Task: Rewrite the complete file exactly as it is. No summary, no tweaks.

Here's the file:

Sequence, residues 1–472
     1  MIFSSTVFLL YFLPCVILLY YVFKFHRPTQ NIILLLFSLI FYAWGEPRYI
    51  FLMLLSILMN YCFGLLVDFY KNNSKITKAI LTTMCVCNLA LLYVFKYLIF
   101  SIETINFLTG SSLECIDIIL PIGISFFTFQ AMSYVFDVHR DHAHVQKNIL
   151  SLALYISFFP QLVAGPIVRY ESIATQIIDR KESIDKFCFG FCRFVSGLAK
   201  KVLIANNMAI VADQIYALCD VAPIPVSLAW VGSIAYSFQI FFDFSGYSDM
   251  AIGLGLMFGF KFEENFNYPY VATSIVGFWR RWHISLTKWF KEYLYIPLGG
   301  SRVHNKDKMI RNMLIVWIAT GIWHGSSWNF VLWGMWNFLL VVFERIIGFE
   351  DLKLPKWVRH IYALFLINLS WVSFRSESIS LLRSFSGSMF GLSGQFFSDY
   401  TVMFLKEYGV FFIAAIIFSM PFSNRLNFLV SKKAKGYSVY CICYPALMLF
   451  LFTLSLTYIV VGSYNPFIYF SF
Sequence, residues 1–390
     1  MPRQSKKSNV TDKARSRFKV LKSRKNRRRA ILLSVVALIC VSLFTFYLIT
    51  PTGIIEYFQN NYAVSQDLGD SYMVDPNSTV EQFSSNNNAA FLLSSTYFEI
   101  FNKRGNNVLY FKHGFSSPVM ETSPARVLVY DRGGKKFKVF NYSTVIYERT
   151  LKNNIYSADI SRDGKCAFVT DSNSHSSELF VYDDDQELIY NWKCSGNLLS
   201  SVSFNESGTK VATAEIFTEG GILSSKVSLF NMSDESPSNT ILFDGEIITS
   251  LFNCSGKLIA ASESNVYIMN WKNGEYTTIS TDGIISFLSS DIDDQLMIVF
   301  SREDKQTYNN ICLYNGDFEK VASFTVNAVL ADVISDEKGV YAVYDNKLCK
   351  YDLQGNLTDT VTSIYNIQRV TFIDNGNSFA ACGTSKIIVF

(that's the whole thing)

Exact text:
Sequence, residues 1–472
     1  MIFSSTVFLL YFLPCVILLY YVFKFHRPTQ NIILLLFSLI FYAWGEPRYI
    51  FLMLLSILMN YCFGLLVDFY KNNSKITKAI LTTMCVCNLA LLYVFKYLIF
   101  SIETINFLTG SSLECIDIIL PIGISFFTFQ AMSYVFDVHR DHAHVQKNIL
   151  SLALYISFFP QLVAGPIVRY ESIATQIIDR KESIDKFCFG FCRFVSGLAK
   201  KVLIANNMAI VADQIYALCD VAPIPVSLAW VGSIAYSFQI FFDFSGYSDM
   251  AIGLGLMFGF KFEENFNYPY VATSIVGFWR RWHISLTKWF KEYLYIPLGG
   301  SRVHNKDKMI RNMLIVWIAT GIWHGSSWNF VLWGMWNFLL VVFERIIGFE
   351  DLKLPKWVRH IYALFLINLS WVSFRSESIS LLRSFSGSMF GLSGQFFSDY
   401  TVMFLKEYGV FFIAAIIFSM PFSNRLNFLV SKKAKGYSVY CICYPALMLF
   451  LFTLSLTYIV VGSYNPFIYF SF
Sequence, residues 1–390
     1  MPRQSKKSNV TDKARSRFKV LKSRKNRRRA ILLSVVALIC VSLFTFYLIT
    51  PTGIIEYFQN NYAVSQDLGD SYMVDPNSTV EQFSSNNNAA FLLSSTYFEI
   101  FNKRGNNVLY FKHGFSSPVM ETSPARVLVY DRGGKKFKVF NYSTVIYERT
   151  LKNNIYSADI SRDGKCAFVT DSNSHSSELF VYDDDQELIY NWKCSGNLLS
   201  SVSFNESGTK VATAEIFTEG GILSSKVSLF NMSDESPSNT ILFDGEIITS
   251  LFNCSGKLIA ASESNVYIMN WKNGEYTTIS TDGIISFLSS DIDDQLMIVF
   301  SREDKQTYNN ICLYNGDFEK VASFTVNAVL ADVISDEKGV YAVYDNKLCK
   351  YDLQGNLTDT VTSIYNIQRV TFIDNGNSFA ACGTSKIIVF